In Protest Of Black Death: Why I Can’t Watch The First 48 Again
As I stared at the young man’s body, legs splayed, the only things sticking out from underneath the yellow cloth placed over him, I sensed a feeling I hadn’t been witness to in some time — a gut-wrenching discomfort. And just like that, mood turned upside down, I turned off the television and decided to go for a run.
Sprinting through Prospect Park, acknowledging the Black men and women I saw running, full of and enjoying life, I thought about the body I had just seen on my TV screen nearly an hour earlier. “I can’t watch The First 48 ever again,” I said to myself as a sense of sadness moved through me. It didn’t come over me because I was sad to miss out on the show. Instead, I felt this way because it made me think of all the young people, mostly Black, whose bodies I’d seen after breathing their last breath on the show. Human being I never really thought twice about before. I had become desensitized to all the Black death I was seeing. In the park, surrounded by life, the reality of that conclusion made me feel terrible.
I have been watching The First 48 since college, and was so intrigued by the cases that I could breeze through marathons. It was so good to me that I had to tell someone else, so I passed it on to my mom. She’s an Investigation Discovery (ID) channel fanatic and studied criminal justice in school. She liked it, for a little while. Then she told me, maybe less than a year into watching, that she had had enough.
“I don’t watch that anymore,” she said as I inquired about new episodes. “I don’t like that they don’t really cover the bodies. Those were real people. I’m not comfortable seeing so many Black people like that, young people especially.”
I kept watching. I even put my fiancé on. And there we would sit on Saturday nights, watching The First 48 and maybe taking a break from a marathon to see the latest Lockup episode before flipping back. I went from Black death to Black incarceration like it was nothing.
I could recount stories of girlfriends stabbing their boyfriends after a fight and the perpetrator not knowing they actually died. Stepsons accidentally shooting their stepfathers. Men caught on camera running through the streets with machine guns right before a retaliatory killing. Angry ex-boyfriends murdering the mother of their child in front of the kid. I could recount all these episodes without feeling anything. I just really enjoyed following the cases, trying to understand the girlfriends who would hide murderous boyfriends, attempting to feel something for teenagers who got caught up with the wrong crowds.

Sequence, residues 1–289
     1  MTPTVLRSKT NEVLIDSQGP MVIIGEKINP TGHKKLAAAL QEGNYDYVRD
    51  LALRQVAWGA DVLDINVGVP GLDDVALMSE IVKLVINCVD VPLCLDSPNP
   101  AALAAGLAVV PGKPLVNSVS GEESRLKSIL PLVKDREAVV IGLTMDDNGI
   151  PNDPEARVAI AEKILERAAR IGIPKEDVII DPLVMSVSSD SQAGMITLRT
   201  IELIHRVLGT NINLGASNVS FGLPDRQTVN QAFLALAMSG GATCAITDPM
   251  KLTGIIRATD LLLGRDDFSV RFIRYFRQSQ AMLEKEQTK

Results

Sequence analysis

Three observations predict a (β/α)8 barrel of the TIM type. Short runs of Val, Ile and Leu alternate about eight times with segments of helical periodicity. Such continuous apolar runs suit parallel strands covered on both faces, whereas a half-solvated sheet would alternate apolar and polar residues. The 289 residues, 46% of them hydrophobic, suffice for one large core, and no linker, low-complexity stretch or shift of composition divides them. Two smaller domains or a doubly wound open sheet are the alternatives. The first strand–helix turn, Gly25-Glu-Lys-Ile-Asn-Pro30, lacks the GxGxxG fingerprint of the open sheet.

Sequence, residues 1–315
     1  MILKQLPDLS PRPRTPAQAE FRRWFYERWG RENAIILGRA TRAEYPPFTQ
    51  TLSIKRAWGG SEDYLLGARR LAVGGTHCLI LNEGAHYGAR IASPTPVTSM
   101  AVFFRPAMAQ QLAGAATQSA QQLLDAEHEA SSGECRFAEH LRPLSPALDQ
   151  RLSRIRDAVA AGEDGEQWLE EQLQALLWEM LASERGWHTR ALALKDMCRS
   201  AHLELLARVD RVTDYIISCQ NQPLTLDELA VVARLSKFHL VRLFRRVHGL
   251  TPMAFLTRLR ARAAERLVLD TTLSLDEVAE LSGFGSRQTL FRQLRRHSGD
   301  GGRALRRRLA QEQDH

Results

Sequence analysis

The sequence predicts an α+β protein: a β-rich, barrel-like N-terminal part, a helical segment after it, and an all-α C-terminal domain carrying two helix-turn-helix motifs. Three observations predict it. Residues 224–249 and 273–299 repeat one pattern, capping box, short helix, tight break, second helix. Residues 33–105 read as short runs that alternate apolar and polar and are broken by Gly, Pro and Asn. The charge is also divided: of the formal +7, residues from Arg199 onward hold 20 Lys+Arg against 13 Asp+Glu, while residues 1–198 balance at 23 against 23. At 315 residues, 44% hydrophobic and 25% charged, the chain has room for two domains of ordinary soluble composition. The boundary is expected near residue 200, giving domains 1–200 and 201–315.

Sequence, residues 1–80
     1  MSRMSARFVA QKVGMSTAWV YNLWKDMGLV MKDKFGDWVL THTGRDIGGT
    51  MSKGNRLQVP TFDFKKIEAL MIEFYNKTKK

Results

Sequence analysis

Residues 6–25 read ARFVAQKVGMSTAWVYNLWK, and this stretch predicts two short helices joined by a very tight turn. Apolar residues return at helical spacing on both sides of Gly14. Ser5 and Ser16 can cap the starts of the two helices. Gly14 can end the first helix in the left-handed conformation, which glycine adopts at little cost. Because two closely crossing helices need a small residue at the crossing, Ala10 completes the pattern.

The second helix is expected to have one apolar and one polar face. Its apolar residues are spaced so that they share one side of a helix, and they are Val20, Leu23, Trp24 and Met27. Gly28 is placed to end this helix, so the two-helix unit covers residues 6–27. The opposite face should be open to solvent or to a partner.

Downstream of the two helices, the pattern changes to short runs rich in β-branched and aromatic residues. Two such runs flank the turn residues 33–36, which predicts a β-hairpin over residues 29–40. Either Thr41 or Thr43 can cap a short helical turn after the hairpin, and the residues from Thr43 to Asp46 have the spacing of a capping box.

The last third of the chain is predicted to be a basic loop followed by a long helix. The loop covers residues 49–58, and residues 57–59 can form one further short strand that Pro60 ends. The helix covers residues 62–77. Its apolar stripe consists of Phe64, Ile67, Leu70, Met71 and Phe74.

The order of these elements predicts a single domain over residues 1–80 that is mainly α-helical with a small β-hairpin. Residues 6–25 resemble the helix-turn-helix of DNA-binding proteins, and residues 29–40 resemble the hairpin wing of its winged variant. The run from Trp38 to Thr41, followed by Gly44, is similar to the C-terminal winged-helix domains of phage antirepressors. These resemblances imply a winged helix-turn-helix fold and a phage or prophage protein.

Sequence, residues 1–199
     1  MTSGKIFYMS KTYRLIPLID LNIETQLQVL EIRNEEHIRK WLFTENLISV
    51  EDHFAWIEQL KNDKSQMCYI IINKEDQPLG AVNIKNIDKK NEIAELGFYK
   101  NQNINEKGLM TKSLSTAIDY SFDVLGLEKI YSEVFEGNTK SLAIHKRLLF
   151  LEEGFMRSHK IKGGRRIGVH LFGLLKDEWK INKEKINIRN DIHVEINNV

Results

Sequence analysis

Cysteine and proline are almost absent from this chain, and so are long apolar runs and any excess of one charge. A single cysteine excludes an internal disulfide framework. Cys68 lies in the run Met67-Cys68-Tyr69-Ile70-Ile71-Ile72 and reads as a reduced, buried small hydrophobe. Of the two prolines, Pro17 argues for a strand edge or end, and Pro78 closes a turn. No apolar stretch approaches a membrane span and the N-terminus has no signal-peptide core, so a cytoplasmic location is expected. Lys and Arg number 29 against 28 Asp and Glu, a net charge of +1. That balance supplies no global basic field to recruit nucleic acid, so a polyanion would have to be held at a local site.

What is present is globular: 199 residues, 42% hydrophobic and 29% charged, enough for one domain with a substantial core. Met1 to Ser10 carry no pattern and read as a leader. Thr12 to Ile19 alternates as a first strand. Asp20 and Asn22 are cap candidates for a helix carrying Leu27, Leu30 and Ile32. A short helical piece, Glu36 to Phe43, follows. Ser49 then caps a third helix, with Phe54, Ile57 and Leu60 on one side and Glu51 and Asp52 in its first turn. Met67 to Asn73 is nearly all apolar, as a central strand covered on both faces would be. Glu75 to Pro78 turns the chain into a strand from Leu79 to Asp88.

But on that Monday night, I had enough. As I looked at yet another young Black man dead on the street, something jumped within me. I thought about what my mom said and felt sick. Those were real people.
And I also considered my hypocrisy. I didn’t want to watch the graphic videos of men being gunned down by police, like Terence Crutcher, but wouldn’t bat an eye at the body of a teen who barely got to live, laying in a pool of blood, as though his death wasn’t real because it was on a TV show.
I considered the fact that all I could do was shake my head but not feel pain every week I would find out a few people were killed, and dozens of others were shot during the weekend that had just passed in my beloved Chicago.
I considered the fact that maybe someone heard about my brother’s death years ago and likely felt the same sense of detachment, despite the fact that he was deeply loved and is still sorely missed.
I considered the fact that I pick and choose when I want to be hurt by such losses of life, despite the fact that they all have an impact on my psyche. Enough of an impact to make me flee from social media instead of facing the reality and discomfort of what people are trying to show me: continued injustice.
More than anything, I considered the fact that through all of the images that have been broadcast in media and on social media, I became numb to the death of my own people. I could look at some death as a form of entertainment and the rest as a cruel reality that I realized I wasn’t getting enraged enough about, but rather, would run from. Maybe that was my way of trying to sustain my mind. Unbeknownst to me, I couldn’t run from it. That’s what drove that feeling within the pit of my stomach when I was standing in front of the TV. It was my heart finally feeling the effects of all the things I had been seeing and absorbing over the years.
I’m sure it sounds petty, me saying that I’m done with a simple TV show. However, to me, it’s my own mild form of protest. I can’t stop these crimes from happening — the ones on reality TV or the ones in reality. But I can choose not to be a spectator to, and in turn, a supporter of Black death, as though there’s nothing wrong with it. Because as mama said, those were real people, too. And all of them deserved better.